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8 months ago

October 2016

  • Text
  • Copenhagen
  • Ainslie
  • Rover
  • Onelife
  • Contents
  • Inspired
  • Evolution
  • Interpretation
  • Adventures
  • Paddling
  • Pioneers
Unboxing of the All-New Discovery | A portrait of the sailing legend, Sir Ben Ainslie | Look into the future of mobility and transportation | Copenhagen – probably the coolest city in the world?

ZENITH I’ve always

ZENITH I’ve always been fascinated by watch design but I’m not an aficionado; aficionados have an expert knowledge of the heritage and inner mechanical workings of watch making. I do however love beautiful things that are made expertly, so I connect with Swiss watch making from both an aesthetic and craftsmanship perspective. For me a watch is as much a piece of jewellery as it is functional object and I do tend to match my watches to what I’m wearing. Remember, generally for a man a watch is really the only piece of jewellery he will wear. I’m not what you would call a serious watch collector either, however I have over the years had many watches and over time reduced my collection down to a limited number of really distinctive designs that I truly connect with on an emotional level. The Zenith El Primero is one of them. It’s interesting how it has evolved and still looks as relevant today as when it was first introduced, partly I think because with the later, bigger 42mm diameter it looks proportionally better balanced and more modern than the original. Another one of my favourites by Zenith is the Elite which is a classic design similar to the Patek Philippe Calatrava. Again for me the classic aesthetic combined with the modern 42mm diameter proportion makes it highly desirable. I have both the Calatrava and the Elite in my small watch collection, which also includes the iconic Nautilus and Royal Oak, both designed by the legendary Gerald Genta. Zenith celebrated its 150th anniversary last year. The company was started by a visionary watchmaker by the name of George Favre-Jacot. His big idea was to put the whole manufacturing and assembly process under one roof. Nobody was doing it at that time and a lot of them still don’t. But much of Zenith is still there in the same place in a little town called Le Locle in Switzerland. That sense of location is important to Land Rover also. In 1948, just when Land Rover was getting going, Zenith has its first big hit, a watch called the Calibre 135 and then in 1969 — just when we were developing our first Range Rover prototypes — Zenith launched the El Primero, ‘the first' in the world with a self-winding chronograph movement. Personally speaking I have always admired the Zenith graphic — the combination of the name, typography and the star — it's very modernist in its execution. When it came to the choice for a watch partnership, Zenith seemed like a perfect fit: a luxury watch brand with strong credentials and heritage, and innovative in watch design. I felt Land Rover shared that desire to be creative and forward-thinking and to give customers products that they will love for life. The choice of the Zenith El Primero to start the collaboration was a natural choice given its distinctive design and status. It was therefore imperative to respect this icon; it had to remain unmistakable as an El Primero yet also allude to Range Rover DNA. The result is the Zenith El Primero Range Rover watch that was launched at the Paris Motor Show alongside the new Range Rover SVAutobiography Dynamic. I’m really happy with the watch, it’s a handsome timepiece, well balanced with visual logic. We highlighted the reductive nature of the modern Range Rover interior to the Zenith team who translated that into the dial of the watch, keeping it simple and unfussy yet maintaining its overall sports image. The 42mm case is made from ceramised aluminum which, like the aluminium architecture of Range Rover, combines light weight with extreme durability. The uncluttered look with its brushed slate grey dial and three subtle but highly legible chronograph sub dials is another link with the stealth-like nature of some of our sporting Range Rovers. My visit to Zenith at Le Locle was a real eye opener. The passion for mind boggling precision and beautiful detail is at the core of everything they do. After having spent time with Aldo Magada, CEO and President of Zenith and Jean-Claude Biver, President LVMH Watch Division and generally regarded to be the man who saved the Swiss watch industry – it reaffirms our decision to “ IT’S A HANDSOME collaborate with Zenith was absolutely the right one! So TIMEPIECE. WELL much is still hand-made. Aldo BALANCED WITH has shown me some of the areas of the factory where they VISUAL LOGIC” have introduced automation, for example in the manufacture of the cases. You can develop machines to do just about anything – it’s all ultimately down to investment. But I think resisting that is part of Zenith’s story. Should the whole process become too automated, then the very idea of the hand-made Swiss watch will lose its charm. What you can still buy today is the product of a painstaking labour of love. There’s a lovely story about Zenith when they were sold to a US company in the 1970s, around the time the entire Swiss watch industry was under threat from cheap quartz movements. The new American owners said to them; ”We’re not doing Swiss movements anymore. We’re going to go quartz. Get rid of all the complex movements, the tourbillons all the rest of it…” Two guys at Zenith refused to do that, so they took all the tools, all the tiny little bits of clever Swiss machinery and hid it all, only for the traditional Swiss movements to be reintroduced years later. It’s all still there in their headquarters, as are many of the processes, and it is just so fascinating to observe, whether you’re an aficionado, a collector, or like me, someone who just loves to see beautiful things made beautifully. 36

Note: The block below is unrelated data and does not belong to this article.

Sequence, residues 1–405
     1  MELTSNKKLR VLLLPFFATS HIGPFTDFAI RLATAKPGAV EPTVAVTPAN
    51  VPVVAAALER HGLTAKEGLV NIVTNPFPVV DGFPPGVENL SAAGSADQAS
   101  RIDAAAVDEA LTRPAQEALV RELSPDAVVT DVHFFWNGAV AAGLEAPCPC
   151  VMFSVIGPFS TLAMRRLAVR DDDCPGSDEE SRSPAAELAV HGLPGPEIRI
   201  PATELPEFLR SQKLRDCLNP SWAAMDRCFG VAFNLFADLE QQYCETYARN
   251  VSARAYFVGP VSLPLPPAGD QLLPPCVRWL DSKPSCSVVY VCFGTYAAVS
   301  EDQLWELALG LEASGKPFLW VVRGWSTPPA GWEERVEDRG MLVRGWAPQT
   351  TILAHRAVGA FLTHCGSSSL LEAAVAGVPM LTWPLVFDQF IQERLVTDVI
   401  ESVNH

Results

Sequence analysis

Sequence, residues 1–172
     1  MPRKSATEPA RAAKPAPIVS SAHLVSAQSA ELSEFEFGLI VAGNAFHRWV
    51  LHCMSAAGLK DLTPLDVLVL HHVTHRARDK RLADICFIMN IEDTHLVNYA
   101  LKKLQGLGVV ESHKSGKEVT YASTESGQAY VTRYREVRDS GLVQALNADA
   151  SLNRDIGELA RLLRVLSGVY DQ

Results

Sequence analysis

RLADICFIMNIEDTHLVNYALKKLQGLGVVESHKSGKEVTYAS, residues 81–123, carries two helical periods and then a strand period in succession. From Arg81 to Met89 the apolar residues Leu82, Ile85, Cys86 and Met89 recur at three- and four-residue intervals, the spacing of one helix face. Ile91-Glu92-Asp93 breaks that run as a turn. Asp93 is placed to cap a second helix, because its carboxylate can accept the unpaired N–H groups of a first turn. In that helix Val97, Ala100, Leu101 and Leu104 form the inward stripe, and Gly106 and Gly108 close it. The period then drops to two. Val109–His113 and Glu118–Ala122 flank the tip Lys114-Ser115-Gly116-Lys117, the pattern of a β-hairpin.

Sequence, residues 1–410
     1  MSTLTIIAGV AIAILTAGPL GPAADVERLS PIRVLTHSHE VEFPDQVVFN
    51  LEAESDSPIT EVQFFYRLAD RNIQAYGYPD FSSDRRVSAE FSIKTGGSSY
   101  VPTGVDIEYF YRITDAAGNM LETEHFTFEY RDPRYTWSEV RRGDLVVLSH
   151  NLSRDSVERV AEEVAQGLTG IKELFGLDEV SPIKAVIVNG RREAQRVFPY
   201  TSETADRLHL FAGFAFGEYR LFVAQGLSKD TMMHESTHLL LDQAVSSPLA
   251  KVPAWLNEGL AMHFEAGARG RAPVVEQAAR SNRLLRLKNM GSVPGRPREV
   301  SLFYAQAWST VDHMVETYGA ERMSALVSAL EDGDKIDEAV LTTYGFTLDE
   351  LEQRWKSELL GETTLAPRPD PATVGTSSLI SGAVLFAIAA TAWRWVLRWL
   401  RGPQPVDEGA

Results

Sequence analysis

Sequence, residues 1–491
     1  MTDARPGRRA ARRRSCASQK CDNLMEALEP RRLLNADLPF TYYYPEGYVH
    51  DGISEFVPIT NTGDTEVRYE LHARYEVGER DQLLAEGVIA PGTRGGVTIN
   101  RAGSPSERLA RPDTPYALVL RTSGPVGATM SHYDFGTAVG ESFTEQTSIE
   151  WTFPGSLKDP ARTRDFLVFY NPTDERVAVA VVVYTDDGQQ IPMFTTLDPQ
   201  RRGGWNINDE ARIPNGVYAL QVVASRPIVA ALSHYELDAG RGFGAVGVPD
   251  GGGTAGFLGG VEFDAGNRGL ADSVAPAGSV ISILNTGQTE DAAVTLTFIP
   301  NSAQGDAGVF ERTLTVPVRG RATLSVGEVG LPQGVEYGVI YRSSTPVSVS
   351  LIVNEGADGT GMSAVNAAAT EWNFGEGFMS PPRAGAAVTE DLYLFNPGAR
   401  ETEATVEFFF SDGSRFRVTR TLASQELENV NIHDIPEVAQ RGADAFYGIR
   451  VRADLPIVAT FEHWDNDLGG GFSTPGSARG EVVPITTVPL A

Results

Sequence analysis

Zenith CEO Aldo Magada (above left) hosts McGovern (right) in a early visit to Zenith’s HQ in Le Locle, near Lausanne, Switzerland. Much of the craft in Zenith’s watches has remained unchanged in over a century 37

 

Land Rover

Onelife - April 2018

 

Land Rover’s Onelife magazine showcases stories from around the world that celebrate inner strength and the drive to go Above and Beyond

This special issue of Onelife marks Land Rover’s 70th anniversary – a celebration of unparalleled achievement and pioneering innovation. We bring you the incredible story of how we reunited an original 1948 car with its former owners, as well as looking back at Land Rover vehicles’ most intrepid expeditions around the globe.
Chief Design Officer Gerry McGovern gives an insight into his diverse range of inspirations, and we head to China for a behind-the-scenes look at the Dragon Challenge, one of the most daring feats ever accomplished
in a Land Rover.